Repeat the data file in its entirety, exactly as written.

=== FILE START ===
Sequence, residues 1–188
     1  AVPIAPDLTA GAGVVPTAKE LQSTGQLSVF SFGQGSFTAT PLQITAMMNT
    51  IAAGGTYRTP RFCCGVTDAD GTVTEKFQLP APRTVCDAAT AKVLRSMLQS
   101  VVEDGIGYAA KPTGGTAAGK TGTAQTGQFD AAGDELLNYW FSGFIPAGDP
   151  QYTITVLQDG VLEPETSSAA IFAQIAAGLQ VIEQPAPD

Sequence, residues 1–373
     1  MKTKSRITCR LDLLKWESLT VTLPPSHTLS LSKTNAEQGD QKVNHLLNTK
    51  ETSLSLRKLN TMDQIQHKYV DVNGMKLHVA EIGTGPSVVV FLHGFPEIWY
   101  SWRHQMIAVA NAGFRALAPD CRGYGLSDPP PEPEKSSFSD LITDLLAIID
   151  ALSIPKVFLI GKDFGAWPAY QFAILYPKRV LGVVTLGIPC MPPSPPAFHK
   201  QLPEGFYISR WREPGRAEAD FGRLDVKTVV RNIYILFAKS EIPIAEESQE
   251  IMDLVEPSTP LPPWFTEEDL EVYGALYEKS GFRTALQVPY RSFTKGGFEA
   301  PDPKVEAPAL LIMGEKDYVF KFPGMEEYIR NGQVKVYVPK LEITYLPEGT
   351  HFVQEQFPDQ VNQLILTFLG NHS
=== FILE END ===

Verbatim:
Sequence, residues 1–188
     1  AVPIAPDLTA GAGVVPTAKE LQSTGQLSVF SFGQGSFTAT PLQITAMMNT
    51  IAAGGTYRTP RFCCGVTDAD GTVTEKFQLP APRTVCDAAT AKVLRSMLQS
   101  VVEDGIGYAA KPTGGTAAGK TGTAQTGQFD AAGDELLNYW FSGFIPAGDP
   151  QYTITVLQDG VLEPETSSAA IFAQIAAGLQ VIEQPAPD

Sequence, residues 1–373
     1  MKTKSRITCR LDLLKWESLT VTLPPSHTLS LSKTNAEQGD QKVNHLLNTK
    51  ETSLSLRKLN TMDQIQHKYV DVNGMKLHVA EIGTGPSVVV FLHGFPEIWY
   101  SWRHQMIAVA NAGFRALAPD CRGYGLSDPP PEPEKSSFSD LITDLLAIID
   151  ALSIPKVFLI GKDFGAWPAY QFAILYPKRV LGVVTLGIPC MPPSPPAFHK
   201  QLPEGFYISR WREPGRAEAD FGRLDVKTVV RNIYILFAKS EIPIAEESQE
   251  IMDLVEPSTP LPPWFTEEDL EVYGALYEKS GFRTALQVPY RSFTKGGFEA
   301  PDPKVEAPAL LIMGEKDYVF KFPGMEEYIR NGQVKVYVPK LEITYLPEGT
   351  HFVQEQFPDQ VNQLILTFLG NHS